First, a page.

The Strokes – The New Abnormal

From first glance, it may seem like The Strokes latest record A New Abnormal is a cheeky dig on the year 2020. That may be true after a fashion, but I see it as them acknowledging how the band isn’t what they used to be, and that’s alright. Fans have always been clamoring for a repeat of The Strokes sound from nineteen years ago, when ‘This is It’ hit the airwaves and propelled the band to superstardom. Since then the band has been through ups and downs, with the general consensus saying that their  most recent outings, 2011’s Angles and 2013’s Comedown Machine have seen a decline. 

There’s an argument for each side, but for me one thing’s for sure, The New Abnormal might not be a 100% return to form, but it’s a rejuvenating offering with great riffs and a dynamic mix of engaging songs. The guitars share equal space with the synths, where 80’s soundscapes meets indie rock. Julian Casablancas’ vocals, while great as always feels even more versatile here. You can hear his pain with every belt, every croon and falsetto has weight, and it shifts every so often to unexpected paths that feel satisfying. Coupled with excellent riff work that one can only expect from The Strokes and with Rick Rubin on the producer’s chair, we have a solid addition to the band’s storied discography.

“The Adults Are Talking” opens the album with hushed up and smooth tones. Sharp drums and a grooving bass line accompany Casablancas as he lashes against the powers that be: critics, stockholders, and presumably politicians. Entities that The Strokes have clashed through their career.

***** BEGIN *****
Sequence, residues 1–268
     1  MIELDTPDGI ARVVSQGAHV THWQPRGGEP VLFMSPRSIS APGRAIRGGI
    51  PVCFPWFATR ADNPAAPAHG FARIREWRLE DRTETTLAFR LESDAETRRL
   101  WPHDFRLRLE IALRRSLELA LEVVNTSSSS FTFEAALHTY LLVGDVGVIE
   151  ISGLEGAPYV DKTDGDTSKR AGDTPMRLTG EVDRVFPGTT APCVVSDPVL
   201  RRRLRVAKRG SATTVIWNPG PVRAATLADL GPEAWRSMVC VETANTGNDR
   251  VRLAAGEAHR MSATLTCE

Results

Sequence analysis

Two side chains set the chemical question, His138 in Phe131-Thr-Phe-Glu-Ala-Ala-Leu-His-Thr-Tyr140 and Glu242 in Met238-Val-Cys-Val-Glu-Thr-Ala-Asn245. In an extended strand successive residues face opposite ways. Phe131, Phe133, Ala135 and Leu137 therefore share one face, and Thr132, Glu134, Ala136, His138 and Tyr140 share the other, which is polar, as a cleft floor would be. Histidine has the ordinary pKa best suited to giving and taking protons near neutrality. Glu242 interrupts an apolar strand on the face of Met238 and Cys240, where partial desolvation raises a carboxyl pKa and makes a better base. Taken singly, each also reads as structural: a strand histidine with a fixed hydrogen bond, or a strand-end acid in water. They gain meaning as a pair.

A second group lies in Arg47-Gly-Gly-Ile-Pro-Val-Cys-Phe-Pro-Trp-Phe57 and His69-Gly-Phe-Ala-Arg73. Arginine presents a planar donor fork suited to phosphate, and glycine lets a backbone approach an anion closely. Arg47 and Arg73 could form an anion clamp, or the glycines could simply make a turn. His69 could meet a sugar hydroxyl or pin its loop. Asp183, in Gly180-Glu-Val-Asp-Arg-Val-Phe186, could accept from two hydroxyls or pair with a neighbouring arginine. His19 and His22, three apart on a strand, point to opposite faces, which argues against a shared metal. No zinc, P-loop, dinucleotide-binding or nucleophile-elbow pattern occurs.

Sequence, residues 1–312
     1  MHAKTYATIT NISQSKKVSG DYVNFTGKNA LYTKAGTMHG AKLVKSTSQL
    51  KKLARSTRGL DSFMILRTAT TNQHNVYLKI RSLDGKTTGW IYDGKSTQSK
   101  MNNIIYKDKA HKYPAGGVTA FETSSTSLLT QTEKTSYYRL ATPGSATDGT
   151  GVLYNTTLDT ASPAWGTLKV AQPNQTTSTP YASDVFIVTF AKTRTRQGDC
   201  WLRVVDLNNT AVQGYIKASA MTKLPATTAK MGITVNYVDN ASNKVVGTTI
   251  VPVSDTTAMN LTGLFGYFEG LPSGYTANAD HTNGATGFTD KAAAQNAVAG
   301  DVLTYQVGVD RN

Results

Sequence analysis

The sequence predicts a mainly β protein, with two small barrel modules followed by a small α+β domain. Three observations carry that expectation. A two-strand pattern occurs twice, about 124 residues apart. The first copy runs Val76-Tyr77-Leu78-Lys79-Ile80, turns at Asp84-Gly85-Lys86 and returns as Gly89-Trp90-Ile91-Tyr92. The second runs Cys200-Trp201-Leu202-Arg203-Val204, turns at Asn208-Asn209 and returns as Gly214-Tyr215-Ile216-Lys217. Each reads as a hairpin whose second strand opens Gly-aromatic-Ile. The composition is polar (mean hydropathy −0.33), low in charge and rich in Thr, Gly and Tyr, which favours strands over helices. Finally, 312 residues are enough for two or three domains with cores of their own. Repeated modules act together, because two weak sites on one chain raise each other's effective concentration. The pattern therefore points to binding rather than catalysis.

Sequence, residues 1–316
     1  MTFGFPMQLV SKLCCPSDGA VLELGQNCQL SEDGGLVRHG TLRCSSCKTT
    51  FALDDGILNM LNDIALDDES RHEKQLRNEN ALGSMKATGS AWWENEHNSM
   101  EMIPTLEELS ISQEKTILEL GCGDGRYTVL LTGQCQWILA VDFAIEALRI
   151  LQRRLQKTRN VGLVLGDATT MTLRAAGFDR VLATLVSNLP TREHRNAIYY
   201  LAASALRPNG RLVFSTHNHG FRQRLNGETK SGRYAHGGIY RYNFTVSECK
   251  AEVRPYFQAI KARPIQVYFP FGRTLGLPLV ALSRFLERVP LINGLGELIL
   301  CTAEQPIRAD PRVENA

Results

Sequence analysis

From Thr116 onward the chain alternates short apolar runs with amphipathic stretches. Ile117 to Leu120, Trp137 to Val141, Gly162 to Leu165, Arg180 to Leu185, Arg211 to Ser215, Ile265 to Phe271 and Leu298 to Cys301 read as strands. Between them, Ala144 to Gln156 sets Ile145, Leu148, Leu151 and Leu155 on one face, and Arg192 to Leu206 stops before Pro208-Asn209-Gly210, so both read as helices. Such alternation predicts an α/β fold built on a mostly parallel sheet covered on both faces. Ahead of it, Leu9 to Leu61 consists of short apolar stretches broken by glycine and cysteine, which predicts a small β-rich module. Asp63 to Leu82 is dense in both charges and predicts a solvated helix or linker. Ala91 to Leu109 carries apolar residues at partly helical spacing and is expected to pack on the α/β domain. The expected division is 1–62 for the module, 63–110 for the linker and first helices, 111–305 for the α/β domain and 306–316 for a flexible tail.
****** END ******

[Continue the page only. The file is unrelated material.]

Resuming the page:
Ballads such as “Selfless” and “Not The Same Anymore” sees Casablancas reflecting on relationships. The former deals with a rocky romantic affair while the latter touches on the band’s internal conflict, along with its relationship with fans and the media. It acknowledges that things aren’t the same anymore, but the still band remains. Both songs are highlighted by a great vocal performance and plenty of nostalgia.

Another thing of note is the strong 80’s influence in this record. “Bad Decisions” takes cues from Billy Idol’s Dancing With Myself while lathering it with The Strokes’ brand of psych rock. “Eternal Summer” references The Psychedelic Furs’ The Ghost in You in its chorus. It remembers the good old days with a blissful mood, but Casablancas sees that it’s all make believe. The line “Summer is coming, won’t go away” is counteracted by the outro’s atonal buzz, suggesting that something is coming to end the fantasy.

The New Abnormal is The Strokes with more insight and experience. An ode to the band’s rocky history, oozing with coolness and swagger that you can’t find anywhere else. Doubters might say otherwise, but The Strokes still have plenty to offer.

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